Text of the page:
Where is the center of the universe?

Since other galaxies are far from us, it may be false to us as if the Earth is in the center of the universe, but in fact, this is absolutely untrue. In fact, there is no center. According to the expansion model, we can say that any group of galaxies is moved away from another group.

In whatever galaxy you live, on whatever planet you live, everything around you will look about the same. And if the principle of expansion would act on our planet as well as in the universe, the distances between cities and various objects would constantly increase. The cities would move away from each other constantly, more and more. At the same time, none of the city can be considered as something special, central. From a global point of view, absolutely every city can be considered central.

But is not the center supposed to be somewhere, even if we can not define it?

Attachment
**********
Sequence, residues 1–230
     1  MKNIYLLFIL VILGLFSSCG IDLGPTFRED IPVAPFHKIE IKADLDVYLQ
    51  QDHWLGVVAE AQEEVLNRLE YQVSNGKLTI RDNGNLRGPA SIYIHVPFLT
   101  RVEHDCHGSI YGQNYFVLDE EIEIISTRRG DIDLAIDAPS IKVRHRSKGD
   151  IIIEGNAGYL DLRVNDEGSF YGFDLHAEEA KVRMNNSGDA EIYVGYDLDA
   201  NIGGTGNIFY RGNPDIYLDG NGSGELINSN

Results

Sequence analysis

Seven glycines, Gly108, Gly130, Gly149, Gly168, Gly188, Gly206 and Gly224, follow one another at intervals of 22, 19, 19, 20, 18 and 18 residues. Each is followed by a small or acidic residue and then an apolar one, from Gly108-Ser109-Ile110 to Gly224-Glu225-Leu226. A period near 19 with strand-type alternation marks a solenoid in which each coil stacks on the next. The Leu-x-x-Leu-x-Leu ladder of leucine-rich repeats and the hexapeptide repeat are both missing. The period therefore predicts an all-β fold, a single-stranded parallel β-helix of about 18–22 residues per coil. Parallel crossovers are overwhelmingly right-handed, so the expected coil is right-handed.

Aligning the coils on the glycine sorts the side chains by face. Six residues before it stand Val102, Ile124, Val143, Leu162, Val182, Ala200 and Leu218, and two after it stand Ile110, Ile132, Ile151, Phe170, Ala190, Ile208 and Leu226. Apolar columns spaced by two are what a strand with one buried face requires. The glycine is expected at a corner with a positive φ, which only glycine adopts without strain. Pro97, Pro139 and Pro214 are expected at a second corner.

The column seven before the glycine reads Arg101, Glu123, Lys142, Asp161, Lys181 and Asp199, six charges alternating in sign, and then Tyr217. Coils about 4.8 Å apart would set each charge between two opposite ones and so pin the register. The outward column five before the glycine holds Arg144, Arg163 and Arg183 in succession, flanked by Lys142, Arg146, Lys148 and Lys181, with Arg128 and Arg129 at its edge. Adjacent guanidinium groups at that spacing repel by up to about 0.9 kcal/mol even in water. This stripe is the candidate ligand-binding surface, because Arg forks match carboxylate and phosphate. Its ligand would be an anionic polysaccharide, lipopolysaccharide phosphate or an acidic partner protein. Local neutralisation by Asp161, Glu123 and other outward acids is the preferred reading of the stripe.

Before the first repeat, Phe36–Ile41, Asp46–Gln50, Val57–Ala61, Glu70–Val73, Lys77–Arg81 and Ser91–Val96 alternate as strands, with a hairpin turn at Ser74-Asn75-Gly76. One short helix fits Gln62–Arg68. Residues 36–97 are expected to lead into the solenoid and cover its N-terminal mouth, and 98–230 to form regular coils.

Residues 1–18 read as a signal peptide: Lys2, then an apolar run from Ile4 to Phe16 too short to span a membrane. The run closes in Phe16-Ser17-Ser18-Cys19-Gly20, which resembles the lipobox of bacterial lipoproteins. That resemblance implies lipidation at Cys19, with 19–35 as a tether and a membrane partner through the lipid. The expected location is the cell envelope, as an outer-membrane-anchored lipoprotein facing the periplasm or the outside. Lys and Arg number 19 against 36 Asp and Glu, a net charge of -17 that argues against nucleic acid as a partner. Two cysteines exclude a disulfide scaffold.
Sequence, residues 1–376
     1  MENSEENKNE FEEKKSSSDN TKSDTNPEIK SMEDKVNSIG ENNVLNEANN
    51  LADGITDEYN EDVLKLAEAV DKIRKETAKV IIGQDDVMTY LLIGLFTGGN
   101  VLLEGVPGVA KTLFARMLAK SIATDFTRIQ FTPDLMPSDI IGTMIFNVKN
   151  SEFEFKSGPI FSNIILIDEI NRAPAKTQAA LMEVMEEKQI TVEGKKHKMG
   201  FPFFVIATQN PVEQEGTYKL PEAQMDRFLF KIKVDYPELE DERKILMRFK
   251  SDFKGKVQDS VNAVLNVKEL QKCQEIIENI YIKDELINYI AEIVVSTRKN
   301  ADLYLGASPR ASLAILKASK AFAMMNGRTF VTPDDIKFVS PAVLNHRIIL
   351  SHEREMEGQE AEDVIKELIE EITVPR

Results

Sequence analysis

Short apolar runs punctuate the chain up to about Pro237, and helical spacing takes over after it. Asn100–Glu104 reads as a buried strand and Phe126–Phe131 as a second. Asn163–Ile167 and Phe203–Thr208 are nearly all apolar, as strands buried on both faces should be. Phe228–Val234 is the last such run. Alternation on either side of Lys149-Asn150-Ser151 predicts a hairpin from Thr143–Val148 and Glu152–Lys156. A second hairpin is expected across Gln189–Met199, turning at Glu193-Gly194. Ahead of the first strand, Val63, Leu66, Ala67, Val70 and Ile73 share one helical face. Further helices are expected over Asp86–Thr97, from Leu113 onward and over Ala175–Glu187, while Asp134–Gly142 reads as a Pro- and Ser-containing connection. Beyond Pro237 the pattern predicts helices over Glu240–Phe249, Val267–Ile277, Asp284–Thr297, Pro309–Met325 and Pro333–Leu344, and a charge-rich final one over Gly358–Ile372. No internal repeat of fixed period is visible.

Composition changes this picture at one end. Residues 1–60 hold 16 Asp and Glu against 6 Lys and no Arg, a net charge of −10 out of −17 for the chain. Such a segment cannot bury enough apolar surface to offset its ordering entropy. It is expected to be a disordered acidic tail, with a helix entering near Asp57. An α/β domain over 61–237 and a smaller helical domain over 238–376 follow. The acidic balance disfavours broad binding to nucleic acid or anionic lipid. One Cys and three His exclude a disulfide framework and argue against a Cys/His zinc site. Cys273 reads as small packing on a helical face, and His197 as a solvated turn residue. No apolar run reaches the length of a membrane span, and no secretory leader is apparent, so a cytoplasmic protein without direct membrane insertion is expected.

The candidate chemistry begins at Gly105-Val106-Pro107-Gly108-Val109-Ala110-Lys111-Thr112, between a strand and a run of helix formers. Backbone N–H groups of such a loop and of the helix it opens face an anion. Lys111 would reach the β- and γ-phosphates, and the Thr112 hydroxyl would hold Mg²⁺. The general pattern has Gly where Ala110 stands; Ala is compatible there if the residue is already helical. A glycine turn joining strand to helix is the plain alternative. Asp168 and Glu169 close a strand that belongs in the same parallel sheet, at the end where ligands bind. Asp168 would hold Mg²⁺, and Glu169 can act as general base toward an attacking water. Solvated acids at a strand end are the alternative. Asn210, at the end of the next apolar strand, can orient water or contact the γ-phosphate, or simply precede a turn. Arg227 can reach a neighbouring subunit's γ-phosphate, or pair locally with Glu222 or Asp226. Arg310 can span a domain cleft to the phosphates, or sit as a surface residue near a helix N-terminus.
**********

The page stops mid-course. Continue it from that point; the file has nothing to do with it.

Astronomers looking at the galaxy, which is five billion light-years away, see it as it was in the past, like it was five billion years ago, and not what it is now. Physicists are convinced that the speed of light is a cosmic speed limit – nothing can go faster. No matter how unusual and powerful our instruments are, there is a limit to how far we can peer into space.

This limit is set by the age of the universe. If it is 13.7 billion years old, we can not see anything more than 13.7 billion light years from us.

The universe does not have a center, as there are no edges. For us, the “Edge of the Universe” is just the entire limit of visibility.